Payara Platform 201 Release - More Updates to Monitoring Console

Photo of Jan Bernitt by Jan Bernitt

In Payara Platform 5.194 we introduced the monitoring console. The upcoming 5.201 release now offers numerous improvements and additions. We continued to followed our vision of a monitoring tool that users can configure to their needs, ranging from new tools such as watches and alerts, to new colour themes and settings users can tweak to match their individual preferences.

We also continued the integration with the existing monitoring technology in Payara Server. Further page presets cover health checks and slow SQL tracing. The existing request tracing page has been retrofitted with more information which was made possible by the advancements of our underlying concepts.

Alerts & Watches

An important aspect of monitoring is noticing when the monitored software gets into a degraded or unhealthy state so that counter actions can be taken. Watches and alerts are new concepts in the monitoring console that help users do that. Watches express the conditions under which a metric becomes degraded or unhealthy. The server evaluates watch conditions whenever new data is collected and triggers alerts when the watch conditions that are met. This can be shown both in dedicated alarm lists or tables as well as visualised within affected graphs.

We paid particular attention when building the system to ensure it would support the user with immediate feedback, but without drowning him or her in a flood of alerts. One aspect was to make the language of watch conditions sophisticated enough to express conditions that can avoid flaky triggers, but keep it simple enough to be easy to understand and use. Another aspect was the concept of stateful alerts. Once started, alerts can transition between degraded or unhealthy until they meet a stop condition. As a consequence, the same problem is not reported over and over again, but is instead reported as a single alert that only grows in the amount of detail information available on its progression.

Some watches originate from within the server and are controlled by server configurations, for example - the health checks. Other watches can be added by the user in the monitoring console web-application.

To manage alarms, users can build filtered lists showing only alerts of a certain state or acknowledge individual alerts to move them to another list or make them disappear.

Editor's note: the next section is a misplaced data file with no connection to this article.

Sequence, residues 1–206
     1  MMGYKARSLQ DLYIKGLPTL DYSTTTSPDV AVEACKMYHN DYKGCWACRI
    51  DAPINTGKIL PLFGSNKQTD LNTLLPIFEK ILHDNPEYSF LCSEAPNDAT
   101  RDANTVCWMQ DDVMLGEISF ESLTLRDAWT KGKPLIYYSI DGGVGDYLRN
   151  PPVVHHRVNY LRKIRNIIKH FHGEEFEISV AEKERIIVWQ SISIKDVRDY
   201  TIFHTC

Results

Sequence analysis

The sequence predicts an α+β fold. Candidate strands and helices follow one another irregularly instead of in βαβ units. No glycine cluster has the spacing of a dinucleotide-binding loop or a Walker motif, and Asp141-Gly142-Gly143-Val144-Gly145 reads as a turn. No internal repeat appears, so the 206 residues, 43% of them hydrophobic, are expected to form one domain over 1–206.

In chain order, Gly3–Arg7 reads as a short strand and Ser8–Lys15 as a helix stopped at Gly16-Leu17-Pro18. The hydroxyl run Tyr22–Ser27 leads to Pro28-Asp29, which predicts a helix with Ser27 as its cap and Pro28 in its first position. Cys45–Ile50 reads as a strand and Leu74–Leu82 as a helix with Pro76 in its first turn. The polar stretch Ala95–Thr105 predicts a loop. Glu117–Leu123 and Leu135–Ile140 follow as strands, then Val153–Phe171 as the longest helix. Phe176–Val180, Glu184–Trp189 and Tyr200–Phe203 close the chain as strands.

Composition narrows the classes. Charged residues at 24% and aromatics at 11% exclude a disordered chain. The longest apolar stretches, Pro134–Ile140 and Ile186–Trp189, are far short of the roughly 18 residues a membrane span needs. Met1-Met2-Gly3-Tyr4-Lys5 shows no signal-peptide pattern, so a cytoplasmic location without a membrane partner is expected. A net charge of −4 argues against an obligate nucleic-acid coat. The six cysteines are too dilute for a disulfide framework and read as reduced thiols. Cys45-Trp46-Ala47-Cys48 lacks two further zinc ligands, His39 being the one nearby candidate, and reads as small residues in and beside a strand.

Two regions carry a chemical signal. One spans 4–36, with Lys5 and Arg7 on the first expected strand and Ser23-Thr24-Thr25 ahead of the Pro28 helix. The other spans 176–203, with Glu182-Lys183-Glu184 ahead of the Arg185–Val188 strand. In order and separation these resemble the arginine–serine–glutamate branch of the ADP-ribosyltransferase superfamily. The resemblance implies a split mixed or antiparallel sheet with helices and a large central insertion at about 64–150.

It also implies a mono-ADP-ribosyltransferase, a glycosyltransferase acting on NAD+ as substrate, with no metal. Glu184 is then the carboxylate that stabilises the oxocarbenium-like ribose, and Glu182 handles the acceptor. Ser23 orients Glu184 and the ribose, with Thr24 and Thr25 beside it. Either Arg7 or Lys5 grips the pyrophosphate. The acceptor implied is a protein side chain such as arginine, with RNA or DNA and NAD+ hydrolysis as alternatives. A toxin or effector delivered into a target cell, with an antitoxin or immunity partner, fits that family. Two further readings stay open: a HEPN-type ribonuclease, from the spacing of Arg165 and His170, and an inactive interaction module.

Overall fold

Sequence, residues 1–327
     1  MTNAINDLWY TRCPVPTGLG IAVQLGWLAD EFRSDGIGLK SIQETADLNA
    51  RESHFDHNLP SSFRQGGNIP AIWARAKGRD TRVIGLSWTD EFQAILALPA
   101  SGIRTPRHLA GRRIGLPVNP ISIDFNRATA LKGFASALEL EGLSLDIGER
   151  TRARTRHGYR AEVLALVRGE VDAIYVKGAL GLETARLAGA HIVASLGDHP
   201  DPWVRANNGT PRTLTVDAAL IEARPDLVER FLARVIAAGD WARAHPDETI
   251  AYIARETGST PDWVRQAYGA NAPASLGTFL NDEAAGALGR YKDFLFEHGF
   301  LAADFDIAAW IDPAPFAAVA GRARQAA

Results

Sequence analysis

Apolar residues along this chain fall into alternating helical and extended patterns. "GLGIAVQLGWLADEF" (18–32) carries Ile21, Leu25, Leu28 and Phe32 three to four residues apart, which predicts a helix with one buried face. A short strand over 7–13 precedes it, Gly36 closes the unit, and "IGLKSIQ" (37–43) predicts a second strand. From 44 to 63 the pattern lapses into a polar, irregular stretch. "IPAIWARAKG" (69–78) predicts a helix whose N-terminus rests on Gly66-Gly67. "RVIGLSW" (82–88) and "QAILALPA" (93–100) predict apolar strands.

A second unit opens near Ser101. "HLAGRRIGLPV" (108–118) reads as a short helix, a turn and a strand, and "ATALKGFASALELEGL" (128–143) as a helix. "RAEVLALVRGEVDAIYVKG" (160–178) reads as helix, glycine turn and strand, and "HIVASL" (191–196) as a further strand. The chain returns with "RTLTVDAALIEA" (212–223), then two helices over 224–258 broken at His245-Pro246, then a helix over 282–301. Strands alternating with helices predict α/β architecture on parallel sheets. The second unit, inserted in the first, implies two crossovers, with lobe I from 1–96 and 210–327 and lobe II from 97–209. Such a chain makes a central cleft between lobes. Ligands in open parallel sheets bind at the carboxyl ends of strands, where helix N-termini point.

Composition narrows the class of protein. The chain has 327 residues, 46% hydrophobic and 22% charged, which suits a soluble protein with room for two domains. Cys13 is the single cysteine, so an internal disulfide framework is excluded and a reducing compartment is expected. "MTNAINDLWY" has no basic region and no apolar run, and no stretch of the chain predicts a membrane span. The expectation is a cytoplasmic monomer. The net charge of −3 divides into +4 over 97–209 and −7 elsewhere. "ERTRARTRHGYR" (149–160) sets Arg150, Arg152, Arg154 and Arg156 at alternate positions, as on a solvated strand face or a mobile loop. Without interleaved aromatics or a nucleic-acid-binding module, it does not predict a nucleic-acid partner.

Immediate Health Checks

The existing health checks have been coupled with the new watches & alerts system. When enabling a particular health check in the server configuration, its thresholds are used to create a corresponding watch. This gives the benefits of immediate feedback of the new alerts system and also enhances the visualisation of the checked metric in the graphs on the new health check page displaying the set thresholds.

We decided that the coupling would be active as soon as the individual health check is enabled, but that it would not be required to enable the general health check service so that users can take advantage of the new alerts system without needing to enable the existing health check service with notifications.

Besides the monitored health check metrics, the new Health Checks page also lists all alerts that are related to health checks.



Stuck and Hogging Threads

The health checks on stuck or hogging threads needed special attention as a bare number of threads in such a state alone is not that helpful to localise the problem.

To allow the monitoring console to provide detailed information to events like a stuck or hogging thread, we introduced the concept of data annotations. Those are key-value pairs that are linked to a certain metric at the moment of the event. To prevent uncontrolled memory consumption in case of many events, only a pool of the most recent annotations per metric is kept. These can be shown as lists or tables which is used to show stuck and hogging threads incident lists on the Threads page detailing the identified problems.

Slow SQL

Similar to health checks the existing SQL tracing to identify slow SQL queries was connected to watches & alerts was well as data annotations. The new SQL page lists the details for slow SQL queries and gives insight into SQL execution time and the set thresholds. This equally is controlled by the server's Slow Query Log Threshold setting for each JDBC connection pool. Connected alerts a listed on SQL page as well as the general Alerts page, which shows all ongoing and past alerts.



Colour Themes

Along with the functional additions, the monitoring console also got an upgraded appearance. Besides numerous small improvements, a larger addition is the possibility to customise most used colours. The user can choose from a number of predefined colour themes or override any of the theme colours with a custom setting to give the console a personal touch.

Beyond colouration, the user settings now also allows to set a line width for the graph lines to make them as prominent as necessary for the size of screen and screen distance used.





Final Thoughts

This post aimed to give a concise overview of what is coming to monitoring console in 5.201 release (currently scheduled for the end of February). Some of the mentioned additions certainly deserve a more detailed look and feature description. Please let us know what you think, which features we should cover in greater detail, or what feature you would like to see in the future.

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